Assessment of pressure ulcer category

The four categories of pressure ulcers

Category 1: Intact skin with redness
Intakt hud med rødme som ikke ændrer farve når man trykker med en finger på området (manglende kapillærrespons). Smertefuldt. Hyppigst over et knoglefremspring.
Category 2: Partial skin loss
Delvist hudtab der viser sig som et overfladisk sår med en rød sårbund uden dødt væv. Kan også forekomme som intakt eller bristet vabel. Smertefuldt.
Category 3: Full skin loss
Fuldhudstab hvor der kan ses subkutant fedt, men ikke sener, knogler eller muskler. Der kan ses dødt væv (nekrotisk) i sårbunden. Smertefuldt.
Category 4: Deep tissue injury
Fuldt vævstab med blottede sener, knogler eller muskler som er følbare eller synlige. Der kan ses dødt væv (nekrotisk) eller arvæv i sårbunden. Typisk ingen smerter.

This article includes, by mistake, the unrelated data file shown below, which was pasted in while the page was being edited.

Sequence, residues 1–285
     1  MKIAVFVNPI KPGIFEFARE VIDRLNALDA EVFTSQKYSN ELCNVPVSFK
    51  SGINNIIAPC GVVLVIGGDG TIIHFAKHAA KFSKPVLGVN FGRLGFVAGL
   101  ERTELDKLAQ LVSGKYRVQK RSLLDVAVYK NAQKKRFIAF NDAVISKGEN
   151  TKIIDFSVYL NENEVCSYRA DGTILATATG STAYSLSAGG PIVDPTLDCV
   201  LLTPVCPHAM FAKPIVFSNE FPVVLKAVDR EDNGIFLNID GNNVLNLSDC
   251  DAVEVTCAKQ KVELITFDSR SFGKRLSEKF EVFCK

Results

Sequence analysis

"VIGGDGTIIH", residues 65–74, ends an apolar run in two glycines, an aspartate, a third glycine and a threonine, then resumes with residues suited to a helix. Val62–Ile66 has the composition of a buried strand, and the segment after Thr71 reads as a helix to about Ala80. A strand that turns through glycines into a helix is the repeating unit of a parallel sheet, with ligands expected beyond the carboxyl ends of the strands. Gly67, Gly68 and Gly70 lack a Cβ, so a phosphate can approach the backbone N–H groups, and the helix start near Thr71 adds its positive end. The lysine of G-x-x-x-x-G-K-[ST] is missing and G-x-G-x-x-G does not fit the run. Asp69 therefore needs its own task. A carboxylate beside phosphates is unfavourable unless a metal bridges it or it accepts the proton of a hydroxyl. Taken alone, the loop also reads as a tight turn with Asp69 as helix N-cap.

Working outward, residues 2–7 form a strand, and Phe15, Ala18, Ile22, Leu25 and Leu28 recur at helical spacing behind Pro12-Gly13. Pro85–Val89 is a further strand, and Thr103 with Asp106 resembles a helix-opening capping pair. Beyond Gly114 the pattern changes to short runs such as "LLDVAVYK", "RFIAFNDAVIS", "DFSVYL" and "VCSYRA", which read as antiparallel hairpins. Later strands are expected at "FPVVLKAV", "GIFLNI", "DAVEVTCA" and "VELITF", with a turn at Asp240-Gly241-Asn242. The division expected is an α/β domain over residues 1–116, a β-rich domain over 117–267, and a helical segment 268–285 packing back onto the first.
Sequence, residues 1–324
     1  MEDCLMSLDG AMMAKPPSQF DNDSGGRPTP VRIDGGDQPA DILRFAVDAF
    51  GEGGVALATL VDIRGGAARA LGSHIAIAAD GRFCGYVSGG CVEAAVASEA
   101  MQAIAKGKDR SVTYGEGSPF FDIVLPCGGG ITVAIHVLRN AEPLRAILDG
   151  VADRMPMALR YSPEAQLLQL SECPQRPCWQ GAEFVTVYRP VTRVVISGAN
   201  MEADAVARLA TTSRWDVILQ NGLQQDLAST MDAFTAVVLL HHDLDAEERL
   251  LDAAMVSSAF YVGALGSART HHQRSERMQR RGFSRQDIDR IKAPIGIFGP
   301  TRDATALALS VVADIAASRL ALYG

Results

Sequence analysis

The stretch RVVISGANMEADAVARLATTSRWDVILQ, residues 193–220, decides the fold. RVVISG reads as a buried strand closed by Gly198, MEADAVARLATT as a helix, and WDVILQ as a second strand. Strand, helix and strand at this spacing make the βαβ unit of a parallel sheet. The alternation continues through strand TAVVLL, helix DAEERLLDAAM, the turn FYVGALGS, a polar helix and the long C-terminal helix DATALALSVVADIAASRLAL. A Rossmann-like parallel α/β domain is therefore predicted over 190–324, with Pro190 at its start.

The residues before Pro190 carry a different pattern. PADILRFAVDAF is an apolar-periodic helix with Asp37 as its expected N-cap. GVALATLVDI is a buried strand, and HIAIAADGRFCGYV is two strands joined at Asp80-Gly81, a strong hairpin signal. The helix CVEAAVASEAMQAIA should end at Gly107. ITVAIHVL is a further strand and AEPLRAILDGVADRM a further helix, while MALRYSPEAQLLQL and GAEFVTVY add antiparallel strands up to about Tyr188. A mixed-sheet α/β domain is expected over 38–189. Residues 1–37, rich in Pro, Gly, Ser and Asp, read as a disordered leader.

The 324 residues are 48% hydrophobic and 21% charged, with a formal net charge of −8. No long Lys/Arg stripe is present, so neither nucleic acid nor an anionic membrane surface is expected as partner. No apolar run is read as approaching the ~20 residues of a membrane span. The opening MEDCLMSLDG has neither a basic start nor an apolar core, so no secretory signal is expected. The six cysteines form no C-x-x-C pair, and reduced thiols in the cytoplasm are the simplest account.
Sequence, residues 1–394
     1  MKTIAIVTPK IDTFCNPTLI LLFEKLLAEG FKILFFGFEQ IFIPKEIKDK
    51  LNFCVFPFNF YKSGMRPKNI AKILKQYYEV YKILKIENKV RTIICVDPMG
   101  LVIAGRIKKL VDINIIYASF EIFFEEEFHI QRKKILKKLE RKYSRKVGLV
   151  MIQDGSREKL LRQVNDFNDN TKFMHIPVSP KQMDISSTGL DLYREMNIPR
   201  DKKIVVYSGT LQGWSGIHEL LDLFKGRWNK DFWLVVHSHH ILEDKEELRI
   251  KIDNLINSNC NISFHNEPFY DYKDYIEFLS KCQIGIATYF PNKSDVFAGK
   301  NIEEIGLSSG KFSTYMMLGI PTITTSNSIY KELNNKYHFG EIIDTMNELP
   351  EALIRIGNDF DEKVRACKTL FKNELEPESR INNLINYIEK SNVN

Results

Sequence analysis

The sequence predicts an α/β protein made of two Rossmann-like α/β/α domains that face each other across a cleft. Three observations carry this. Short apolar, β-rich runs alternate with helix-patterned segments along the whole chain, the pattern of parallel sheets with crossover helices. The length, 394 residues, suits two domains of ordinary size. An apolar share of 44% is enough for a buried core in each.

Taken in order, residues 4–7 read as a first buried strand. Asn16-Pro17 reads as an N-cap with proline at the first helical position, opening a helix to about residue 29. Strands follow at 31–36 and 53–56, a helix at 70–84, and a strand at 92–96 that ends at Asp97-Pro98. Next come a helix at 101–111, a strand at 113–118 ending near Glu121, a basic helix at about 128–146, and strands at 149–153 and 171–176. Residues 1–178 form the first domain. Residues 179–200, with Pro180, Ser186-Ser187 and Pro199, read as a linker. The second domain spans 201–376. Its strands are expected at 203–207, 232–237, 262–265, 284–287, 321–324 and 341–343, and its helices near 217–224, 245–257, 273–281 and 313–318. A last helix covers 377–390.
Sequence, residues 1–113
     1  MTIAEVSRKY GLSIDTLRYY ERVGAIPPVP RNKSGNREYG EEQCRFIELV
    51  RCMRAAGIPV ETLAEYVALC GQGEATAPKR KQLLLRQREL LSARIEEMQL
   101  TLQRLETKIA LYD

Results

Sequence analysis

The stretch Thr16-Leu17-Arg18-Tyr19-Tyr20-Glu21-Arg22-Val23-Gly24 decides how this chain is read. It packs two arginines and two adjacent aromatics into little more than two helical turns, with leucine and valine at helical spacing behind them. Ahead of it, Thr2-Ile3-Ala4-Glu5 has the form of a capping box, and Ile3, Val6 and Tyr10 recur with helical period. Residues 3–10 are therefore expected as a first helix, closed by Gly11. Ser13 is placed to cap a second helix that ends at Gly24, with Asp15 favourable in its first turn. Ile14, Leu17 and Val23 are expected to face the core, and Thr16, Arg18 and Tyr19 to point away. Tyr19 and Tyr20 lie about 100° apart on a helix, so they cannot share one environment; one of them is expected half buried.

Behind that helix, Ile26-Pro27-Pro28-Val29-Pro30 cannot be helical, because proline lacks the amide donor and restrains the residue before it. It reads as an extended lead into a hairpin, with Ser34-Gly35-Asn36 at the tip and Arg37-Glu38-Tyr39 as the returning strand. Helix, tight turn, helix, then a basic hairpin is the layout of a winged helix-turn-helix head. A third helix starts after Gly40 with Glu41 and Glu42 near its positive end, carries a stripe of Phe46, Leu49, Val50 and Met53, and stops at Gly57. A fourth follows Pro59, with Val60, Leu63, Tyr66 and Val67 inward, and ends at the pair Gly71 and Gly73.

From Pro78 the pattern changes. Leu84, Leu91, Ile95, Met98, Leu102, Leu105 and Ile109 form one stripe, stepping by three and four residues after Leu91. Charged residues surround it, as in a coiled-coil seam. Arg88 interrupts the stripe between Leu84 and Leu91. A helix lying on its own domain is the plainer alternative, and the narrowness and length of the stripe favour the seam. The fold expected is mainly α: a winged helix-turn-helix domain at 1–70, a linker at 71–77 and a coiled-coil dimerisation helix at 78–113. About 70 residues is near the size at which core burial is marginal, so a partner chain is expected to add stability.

Pressure ulcers are the result of persistent pressure or shear of the skin and underlying tissues – typically in places on the body where the bones are close to the skin and where there is little fat.

Pressure occurs when a person’s weight is pressed down against the ground. Whether the person is lying, sitting or standing, the pressure is transmitted to the underlying tissue and the tissue is compressed between the surface and the bone. Muscle tissue does not tolerate as much pressure as skin. Therefore, the damage will occur close to the bone and often only be visible on the skin 1-2 weeks after it has been exposed to pressure.

In shear, a torsion occurs that damages tissues and blood vessels. This means that less pressure is needed to reduce blood flow to the injured area. Therefore, pressure damage to tissues exposed to shear will occur more quickly.

Pressure is caused by a lack of change in position or external pressure from medical equipment such as oxygen and catheters.

Shear occurs when the body is moved without being lifted off the ground. This can happen, for example, when a person sits with a raised headboard and slides into bed.

In addition to the above four categories of pressure ulcers, two other categories have been added which are relevant when a pressure ulcer is observed but it is not possible to categorise the ulcer as category 1, 2, 3 or 4.